Onondaga County considers future of trash burning facility

Non-recyclable household trash from Onondaga County has been incinerated and turned into electricity at the Onondaga County Resource Recovery Agency (OCRRA) facility on Rock Cut Road. Covanta built and has operated the incinerator since 1994. Under the terms of the existing contract, Covanta has the option to buy it in May 2015 for one dollar.

On Tuesday, Onondaga County Comptroller Bob Antonacci released an audit looking at options for OCRRA's future. The biggest question is - does OCRRA want to own the incinerator or should they let Covanta take it over?

Antonacci is also on the OCRRA board but says he conducted the audit independently. Antonacci's audit does not make recommendations on the site's ownership but says says both options have benefits and risks. If Covanta does take over the waste to energy facility, OCCRA would not have control over its operations.

"Covanta could be bringing in trash from outside the community, which I know some stakeholders would not be happy about," said Antonacci.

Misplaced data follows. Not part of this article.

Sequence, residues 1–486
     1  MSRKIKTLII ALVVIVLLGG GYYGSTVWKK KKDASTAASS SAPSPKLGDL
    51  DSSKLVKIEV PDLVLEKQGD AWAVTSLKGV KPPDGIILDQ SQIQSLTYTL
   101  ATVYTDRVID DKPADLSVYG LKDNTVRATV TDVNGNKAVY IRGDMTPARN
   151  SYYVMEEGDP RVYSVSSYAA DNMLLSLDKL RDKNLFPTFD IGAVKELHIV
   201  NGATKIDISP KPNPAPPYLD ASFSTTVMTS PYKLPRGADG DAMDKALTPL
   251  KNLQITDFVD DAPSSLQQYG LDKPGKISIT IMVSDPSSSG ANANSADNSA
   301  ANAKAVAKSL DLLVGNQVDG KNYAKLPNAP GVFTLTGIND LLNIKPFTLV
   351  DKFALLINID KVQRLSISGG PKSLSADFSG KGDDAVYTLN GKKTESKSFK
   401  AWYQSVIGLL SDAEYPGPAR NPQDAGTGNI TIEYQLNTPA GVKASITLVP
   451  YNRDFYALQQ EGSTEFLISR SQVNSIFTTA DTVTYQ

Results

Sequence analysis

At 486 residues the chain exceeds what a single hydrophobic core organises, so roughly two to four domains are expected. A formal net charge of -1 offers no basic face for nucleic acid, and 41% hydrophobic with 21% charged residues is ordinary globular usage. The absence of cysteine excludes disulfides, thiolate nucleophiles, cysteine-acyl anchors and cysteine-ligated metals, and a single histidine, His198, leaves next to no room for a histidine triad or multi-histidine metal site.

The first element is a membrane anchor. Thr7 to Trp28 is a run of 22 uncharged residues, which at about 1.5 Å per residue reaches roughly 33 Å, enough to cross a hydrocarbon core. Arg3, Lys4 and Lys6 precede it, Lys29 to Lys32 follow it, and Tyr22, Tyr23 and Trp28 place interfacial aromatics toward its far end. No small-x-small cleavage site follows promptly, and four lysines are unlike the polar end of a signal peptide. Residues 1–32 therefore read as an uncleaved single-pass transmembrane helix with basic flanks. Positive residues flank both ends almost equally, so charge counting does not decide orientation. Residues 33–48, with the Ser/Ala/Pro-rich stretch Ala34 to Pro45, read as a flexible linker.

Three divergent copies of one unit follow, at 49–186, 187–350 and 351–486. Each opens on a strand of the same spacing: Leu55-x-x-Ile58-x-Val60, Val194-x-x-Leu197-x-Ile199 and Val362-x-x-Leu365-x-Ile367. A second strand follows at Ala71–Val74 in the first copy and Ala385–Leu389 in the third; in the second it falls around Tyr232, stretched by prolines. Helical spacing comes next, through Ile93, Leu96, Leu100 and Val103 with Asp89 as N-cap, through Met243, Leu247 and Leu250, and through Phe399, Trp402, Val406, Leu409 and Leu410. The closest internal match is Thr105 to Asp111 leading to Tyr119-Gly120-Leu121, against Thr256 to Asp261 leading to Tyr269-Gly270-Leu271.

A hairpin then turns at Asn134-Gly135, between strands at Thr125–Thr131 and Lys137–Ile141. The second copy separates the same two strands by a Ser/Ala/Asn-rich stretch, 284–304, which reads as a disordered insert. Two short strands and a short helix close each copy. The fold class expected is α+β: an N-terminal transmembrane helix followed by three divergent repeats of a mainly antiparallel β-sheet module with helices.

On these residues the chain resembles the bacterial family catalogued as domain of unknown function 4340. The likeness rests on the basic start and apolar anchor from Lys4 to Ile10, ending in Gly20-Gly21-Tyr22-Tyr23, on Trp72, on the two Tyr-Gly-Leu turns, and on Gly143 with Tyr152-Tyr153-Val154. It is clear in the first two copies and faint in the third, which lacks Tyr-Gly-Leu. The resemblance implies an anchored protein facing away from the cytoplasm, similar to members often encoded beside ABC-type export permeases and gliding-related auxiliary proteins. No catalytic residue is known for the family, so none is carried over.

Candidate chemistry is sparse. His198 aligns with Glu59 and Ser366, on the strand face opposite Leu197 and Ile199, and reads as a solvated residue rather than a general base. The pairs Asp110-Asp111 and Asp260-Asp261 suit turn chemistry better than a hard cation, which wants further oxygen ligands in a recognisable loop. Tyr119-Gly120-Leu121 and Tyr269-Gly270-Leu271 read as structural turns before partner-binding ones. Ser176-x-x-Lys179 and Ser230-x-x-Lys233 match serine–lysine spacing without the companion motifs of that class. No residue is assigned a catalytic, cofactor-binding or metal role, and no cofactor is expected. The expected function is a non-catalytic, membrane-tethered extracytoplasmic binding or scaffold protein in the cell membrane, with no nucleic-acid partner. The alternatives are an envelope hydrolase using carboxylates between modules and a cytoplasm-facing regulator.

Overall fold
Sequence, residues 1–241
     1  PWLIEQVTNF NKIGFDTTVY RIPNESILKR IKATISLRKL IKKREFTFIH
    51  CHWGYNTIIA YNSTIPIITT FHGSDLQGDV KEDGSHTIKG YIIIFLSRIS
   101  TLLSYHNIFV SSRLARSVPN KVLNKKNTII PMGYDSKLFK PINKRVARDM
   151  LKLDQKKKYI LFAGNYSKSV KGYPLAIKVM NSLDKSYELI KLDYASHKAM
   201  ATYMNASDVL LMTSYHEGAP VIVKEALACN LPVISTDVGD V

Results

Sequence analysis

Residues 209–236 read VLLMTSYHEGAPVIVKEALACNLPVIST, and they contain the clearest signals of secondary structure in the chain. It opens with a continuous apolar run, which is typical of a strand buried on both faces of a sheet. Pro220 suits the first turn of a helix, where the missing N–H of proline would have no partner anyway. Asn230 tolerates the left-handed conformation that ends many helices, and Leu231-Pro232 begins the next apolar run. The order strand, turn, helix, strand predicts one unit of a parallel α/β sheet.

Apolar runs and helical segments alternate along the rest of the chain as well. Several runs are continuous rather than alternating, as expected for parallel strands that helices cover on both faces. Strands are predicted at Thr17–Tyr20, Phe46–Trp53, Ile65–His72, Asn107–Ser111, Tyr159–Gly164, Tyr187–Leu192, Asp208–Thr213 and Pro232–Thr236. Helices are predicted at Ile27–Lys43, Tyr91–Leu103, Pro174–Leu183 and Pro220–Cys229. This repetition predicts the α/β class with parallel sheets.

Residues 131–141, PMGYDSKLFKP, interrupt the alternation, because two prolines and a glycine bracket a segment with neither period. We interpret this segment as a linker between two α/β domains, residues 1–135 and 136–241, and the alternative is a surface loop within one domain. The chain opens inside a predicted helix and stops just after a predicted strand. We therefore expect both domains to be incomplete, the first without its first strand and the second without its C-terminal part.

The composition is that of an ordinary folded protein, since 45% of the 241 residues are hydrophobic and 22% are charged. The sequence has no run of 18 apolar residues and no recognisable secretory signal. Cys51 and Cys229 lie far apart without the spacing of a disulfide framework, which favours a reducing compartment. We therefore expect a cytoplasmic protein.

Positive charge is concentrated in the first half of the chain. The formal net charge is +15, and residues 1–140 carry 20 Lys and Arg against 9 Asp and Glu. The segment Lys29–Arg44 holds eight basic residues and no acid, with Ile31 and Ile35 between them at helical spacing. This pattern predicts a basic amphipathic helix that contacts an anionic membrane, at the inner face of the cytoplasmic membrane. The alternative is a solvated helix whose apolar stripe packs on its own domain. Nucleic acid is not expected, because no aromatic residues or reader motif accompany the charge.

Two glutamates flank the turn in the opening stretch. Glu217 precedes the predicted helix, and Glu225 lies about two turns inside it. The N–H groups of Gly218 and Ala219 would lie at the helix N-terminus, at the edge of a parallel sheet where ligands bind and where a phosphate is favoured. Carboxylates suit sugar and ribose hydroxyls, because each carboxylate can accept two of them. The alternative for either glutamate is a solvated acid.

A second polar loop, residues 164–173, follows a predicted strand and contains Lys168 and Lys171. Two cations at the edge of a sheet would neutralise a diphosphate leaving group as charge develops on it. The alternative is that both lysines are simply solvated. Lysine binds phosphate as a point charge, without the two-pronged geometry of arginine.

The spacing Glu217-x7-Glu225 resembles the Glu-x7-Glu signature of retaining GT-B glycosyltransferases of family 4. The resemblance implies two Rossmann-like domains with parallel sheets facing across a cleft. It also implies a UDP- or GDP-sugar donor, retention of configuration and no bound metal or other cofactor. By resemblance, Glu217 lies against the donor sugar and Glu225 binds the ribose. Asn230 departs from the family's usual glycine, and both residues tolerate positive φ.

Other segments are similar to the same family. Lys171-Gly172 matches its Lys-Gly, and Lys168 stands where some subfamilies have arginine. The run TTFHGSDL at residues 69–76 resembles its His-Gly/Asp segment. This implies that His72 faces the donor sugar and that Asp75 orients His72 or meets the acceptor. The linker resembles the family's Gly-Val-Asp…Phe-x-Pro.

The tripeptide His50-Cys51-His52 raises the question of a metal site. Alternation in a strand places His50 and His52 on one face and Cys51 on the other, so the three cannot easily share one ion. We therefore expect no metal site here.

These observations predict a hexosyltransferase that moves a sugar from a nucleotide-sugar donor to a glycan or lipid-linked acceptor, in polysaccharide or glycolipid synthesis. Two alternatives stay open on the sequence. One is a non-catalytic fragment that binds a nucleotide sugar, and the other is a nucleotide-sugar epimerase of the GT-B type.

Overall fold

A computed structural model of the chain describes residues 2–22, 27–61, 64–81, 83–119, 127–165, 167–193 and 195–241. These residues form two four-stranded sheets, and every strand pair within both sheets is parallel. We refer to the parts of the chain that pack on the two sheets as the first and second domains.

Former Onondaga County lawmaker Vicki Baker has had concerns about the incinerator since it opened. Baker, who lives in nearby Jamesville, wants OCRRA to keep ownership of the facility and a the same time address the pollution coming out every day.

"It may surprise you that 305 million pounds of hazardous materials were reported from that plant in 2012," said Baker.

If OCRRA does keep ownership of the waste to energy operation , it also takes on some risks. By OCRRA's own accounting, the waste to energy facility lost almost $3 million in 2012.

Antonacci says the community and lawmakers need to have discussions about the risks and benefits of different options for incinerator's future.

"Everybody knows this is coming down the tracks, we're not going to be caught of guard and I think we're going to be able to debate all of the parameters of the potential decisions," said Antonacci.

In Antonacci's audit, maintaining the status quo is also listed as an option. OCRRA could continue to own the facility and Covanta could operate it but OCRRA would have the chance to improve long term financial sustainability. Antonacci says OCRRA and Covanta have been in talks about the incinerator's future since last summer.